Review - Going to the Chapel #1 (@ActionLabDanger)

"I'm about to ruin my life."

For some people, marriage is one of the most important decisions of their lives. For others, it's just another day. In Going to the Chapel #1 from Action Lab Danger Zone, it's a little bit of both to different characters involved. The issue is written by David Pepose, illustrated by Gavin Guidry, colored by Elizabeth Kramer and lettered by Ariana Maher (with Colin Bell).

It was the wedding from Hell, and that was before the bank robbers showed up. What do a conflicted bride, her dysfunctional family, a gang of Elvis-themed crooks, and one relentless sheriff have in common? They're all about to discover love is the ultimate hostage situation.

Pepose is juggling quite a lot of storylines in the first issue, yet he manages to interweave them with one another somewhat effortlessly. The centerpiece of the issue is the impending wedding between Emily and Jesse and Pepose was wise to infuse some uncertainty into the proceedings on the part of one of them. That uncertainty beautifully accelerates the plot by the end of the issue, as it only adds to the chaos when the robbers show up to the church in hopes of a big score. Pepose really fleshes out Emily's side of the family in a way that both humanizes the day somewhat as well as provides context for the crime itself. The twist at the end of the issue is sort of a culmination of every character's mindset throughout the issue and Pepose coalesces the characters together in a believable way.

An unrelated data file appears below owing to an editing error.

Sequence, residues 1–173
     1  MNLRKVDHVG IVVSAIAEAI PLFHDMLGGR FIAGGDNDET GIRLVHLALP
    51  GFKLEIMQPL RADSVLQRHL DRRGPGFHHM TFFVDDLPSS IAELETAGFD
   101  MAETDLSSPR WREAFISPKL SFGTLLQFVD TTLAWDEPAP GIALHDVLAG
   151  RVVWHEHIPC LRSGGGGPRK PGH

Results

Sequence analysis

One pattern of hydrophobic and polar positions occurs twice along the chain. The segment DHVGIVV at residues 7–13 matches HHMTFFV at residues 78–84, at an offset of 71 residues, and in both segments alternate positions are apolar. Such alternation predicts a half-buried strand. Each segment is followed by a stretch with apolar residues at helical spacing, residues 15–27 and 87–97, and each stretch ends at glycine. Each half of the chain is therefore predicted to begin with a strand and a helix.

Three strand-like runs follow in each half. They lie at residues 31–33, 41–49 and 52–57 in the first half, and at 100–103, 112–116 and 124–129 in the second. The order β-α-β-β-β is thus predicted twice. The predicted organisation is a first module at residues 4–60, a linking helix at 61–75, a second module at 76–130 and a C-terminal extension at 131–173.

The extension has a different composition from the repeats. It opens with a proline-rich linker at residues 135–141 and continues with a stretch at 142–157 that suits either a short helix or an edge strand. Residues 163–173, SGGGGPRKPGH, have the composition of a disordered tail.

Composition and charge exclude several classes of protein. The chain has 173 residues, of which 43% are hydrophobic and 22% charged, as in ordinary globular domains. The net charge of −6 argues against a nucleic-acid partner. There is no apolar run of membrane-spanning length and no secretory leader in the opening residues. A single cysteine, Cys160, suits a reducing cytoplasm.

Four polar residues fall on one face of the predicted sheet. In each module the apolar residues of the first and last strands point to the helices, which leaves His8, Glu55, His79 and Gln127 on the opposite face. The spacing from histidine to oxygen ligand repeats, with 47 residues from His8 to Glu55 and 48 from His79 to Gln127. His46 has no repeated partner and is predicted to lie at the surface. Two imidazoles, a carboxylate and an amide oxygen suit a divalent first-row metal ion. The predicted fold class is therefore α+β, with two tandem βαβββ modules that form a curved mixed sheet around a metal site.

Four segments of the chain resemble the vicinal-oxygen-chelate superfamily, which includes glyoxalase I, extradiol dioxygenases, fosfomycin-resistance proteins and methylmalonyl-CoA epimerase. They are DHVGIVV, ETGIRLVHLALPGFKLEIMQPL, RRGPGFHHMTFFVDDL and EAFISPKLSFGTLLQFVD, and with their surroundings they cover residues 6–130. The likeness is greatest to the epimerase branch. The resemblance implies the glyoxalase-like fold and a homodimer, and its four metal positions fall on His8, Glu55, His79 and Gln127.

Guidry's artwork provides plenty of unique looks at the characters, with Emily's family in particular drawn in a way that allows each of their personalities to stand out from one another. Emily is drawn with very expressive facial expressions that help the reader better understand her reluctance to go through with the wedding, while her father looks sufficiently oblivious because of his immense wealth. Guidry does some interesting work with perspectives with one page getting closer and closer to a character over successive panels to provide more context for the crime of the moment. One thing that does feel a little confusing is the setting; Guidry draws the issue as if they're near Las Vegas, although the setting is determined to be (fictional?) Rockford County. The colors by Kramer are very bold and bright in a way that resonates with the supposed cheerfulness of the day.

Going to the Chapel #1 is an entertaining and fun start to a new series. Emily has her doubts about marriage, Jesse is all in and Tom (along with the Bad Elvis Gang) has his eyes set on a couple of prizes. Pepose's script is entertaining and chock full of amusing dialogue. Guidry's artwork is effective at ensuring the reader know who's who and what's what. Going to the Chapel #1 looks to have a few more twists and turns up its sleeve as the series progresses.

Going to the Chapel #1 is available September 4.